SOLIHULL: 15,000 home blueprint goes to inspector
A blueprint for building 15,000 new homes on sites across Solihull has taken another major step forward.
The Draft Local Plan has now been handed to the Planning Inspectorate for an independent examination.
This will really be the final test of the council document, which has been taking shape over the past five years.
An inspector will scrutinise the weighty bundle of papers and make any recommendations on changes to the final version.
Once the examination process is complete the final plan will be adopted, with the current timetable predicting it will be in place before the end of the year.
The draft submitted saw a number of minor changes made to the version which was put out to public consultation late last year.
These were mostly to correct errors, clarify wording or to reflect any new announcements in the past few months.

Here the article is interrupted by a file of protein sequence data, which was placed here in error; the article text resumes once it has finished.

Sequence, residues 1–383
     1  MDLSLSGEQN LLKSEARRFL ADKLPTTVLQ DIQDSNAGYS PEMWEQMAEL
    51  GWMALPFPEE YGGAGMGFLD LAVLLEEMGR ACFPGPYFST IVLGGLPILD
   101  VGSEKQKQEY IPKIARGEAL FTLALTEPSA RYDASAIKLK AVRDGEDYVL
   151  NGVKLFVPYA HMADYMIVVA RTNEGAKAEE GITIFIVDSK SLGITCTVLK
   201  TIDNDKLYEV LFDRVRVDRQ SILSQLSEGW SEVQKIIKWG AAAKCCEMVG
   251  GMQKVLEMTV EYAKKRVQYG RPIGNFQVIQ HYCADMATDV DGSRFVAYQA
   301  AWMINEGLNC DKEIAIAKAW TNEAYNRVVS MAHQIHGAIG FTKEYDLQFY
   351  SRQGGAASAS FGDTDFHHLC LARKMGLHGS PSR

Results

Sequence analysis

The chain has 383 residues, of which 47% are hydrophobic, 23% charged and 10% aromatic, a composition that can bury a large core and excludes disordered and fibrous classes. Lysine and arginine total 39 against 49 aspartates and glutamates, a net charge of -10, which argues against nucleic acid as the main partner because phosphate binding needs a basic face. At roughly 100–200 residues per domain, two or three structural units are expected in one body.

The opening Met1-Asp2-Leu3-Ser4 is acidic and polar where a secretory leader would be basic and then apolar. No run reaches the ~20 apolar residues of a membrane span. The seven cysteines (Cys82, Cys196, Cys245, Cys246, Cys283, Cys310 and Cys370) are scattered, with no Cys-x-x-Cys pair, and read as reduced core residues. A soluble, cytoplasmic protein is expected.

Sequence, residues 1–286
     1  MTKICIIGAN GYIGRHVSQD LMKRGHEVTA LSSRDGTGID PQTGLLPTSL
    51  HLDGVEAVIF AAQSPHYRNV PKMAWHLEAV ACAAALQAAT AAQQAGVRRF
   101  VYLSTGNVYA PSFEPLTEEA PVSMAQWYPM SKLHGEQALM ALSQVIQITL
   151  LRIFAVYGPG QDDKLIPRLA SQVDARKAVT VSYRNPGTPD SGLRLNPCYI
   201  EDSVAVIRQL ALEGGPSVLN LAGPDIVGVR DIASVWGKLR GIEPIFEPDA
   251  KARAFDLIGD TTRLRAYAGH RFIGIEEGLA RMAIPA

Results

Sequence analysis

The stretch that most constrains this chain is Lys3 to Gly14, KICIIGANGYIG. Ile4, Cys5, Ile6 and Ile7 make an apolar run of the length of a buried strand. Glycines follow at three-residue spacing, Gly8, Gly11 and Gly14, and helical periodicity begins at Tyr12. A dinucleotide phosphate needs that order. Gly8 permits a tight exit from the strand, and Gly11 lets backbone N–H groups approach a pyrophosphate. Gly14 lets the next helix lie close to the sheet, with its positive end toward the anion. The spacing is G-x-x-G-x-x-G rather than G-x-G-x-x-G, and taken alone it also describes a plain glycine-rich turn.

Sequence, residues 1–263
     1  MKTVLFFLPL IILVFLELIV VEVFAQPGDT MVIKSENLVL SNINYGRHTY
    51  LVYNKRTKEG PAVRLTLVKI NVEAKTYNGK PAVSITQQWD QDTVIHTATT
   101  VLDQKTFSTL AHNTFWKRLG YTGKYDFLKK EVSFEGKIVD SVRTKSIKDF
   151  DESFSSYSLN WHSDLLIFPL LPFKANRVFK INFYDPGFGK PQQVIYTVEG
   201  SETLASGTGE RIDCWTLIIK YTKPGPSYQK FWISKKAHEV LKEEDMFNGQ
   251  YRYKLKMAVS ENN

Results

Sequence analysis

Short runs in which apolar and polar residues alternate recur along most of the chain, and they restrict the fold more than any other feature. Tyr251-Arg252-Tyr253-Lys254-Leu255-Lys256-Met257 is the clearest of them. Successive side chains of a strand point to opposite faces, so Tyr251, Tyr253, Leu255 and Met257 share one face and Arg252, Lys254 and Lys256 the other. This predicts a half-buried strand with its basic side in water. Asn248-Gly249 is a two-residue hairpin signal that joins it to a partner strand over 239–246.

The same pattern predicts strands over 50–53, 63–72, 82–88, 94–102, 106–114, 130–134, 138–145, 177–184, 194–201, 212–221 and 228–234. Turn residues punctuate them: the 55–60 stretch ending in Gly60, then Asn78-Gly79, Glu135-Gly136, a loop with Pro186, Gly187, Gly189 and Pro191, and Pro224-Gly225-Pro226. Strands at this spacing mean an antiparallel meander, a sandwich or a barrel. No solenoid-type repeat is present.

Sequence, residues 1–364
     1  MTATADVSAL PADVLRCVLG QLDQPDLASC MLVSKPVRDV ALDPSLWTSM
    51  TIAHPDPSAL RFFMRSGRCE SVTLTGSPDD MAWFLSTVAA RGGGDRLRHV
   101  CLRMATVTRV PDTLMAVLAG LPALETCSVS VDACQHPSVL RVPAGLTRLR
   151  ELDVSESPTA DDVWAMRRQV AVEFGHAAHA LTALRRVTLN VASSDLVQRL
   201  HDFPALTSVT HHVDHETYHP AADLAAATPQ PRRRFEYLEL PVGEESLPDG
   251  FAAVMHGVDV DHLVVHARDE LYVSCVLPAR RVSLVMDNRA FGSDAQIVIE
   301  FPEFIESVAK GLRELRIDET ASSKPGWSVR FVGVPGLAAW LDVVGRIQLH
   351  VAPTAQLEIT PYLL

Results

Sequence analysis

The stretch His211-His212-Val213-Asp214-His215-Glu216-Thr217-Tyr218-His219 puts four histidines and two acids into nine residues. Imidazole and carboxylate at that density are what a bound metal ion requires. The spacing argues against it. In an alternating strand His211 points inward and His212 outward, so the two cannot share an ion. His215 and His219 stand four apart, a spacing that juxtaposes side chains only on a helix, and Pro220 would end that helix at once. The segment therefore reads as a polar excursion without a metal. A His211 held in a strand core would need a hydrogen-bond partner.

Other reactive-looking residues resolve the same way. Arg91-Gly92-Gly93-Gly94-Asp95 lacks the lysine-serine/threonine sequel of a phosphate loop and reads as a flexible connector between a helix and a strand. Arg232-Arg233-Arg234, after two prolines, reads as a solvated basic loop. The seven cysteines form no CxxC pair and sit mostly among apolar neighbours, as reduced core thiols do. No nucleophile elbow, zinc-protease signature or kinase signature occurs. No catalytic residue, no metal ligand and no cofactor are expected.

There have been no alterations to the list of 18 sites earmarked for development, with changes of this nature having already been ruled out by the Conservative administration last autumn.
Opposition groups had previously argued, unsuccessfully, for the amended document to come back to Full Council before its submission.
Although the Tories had always insisted that the tweaks would be too minimal to make this necessary.
It had been thought the Local Plan could weigh on last month’s local election results – with the Green Party drawing on local discontent and adding a ‘Save our Green Space’ slogan to ballot papers in Blythe and Meriden.
While these wards are among those which will be most affected by new housing schemes, the Conservatives held both seats they were defending by a comfortable margin.
Although the official opposition maintain that there has been a disjointed approach to the entire process and that a different strategy could have meant more limited losses in the green belt.
Cllr Ian Courts, leader of the council, has brushed off the criticism and argued political rivals were “fooling themselves” if they thought difficult decisions could be avoided.
Words: David Irwin, Local Democracy Reporter
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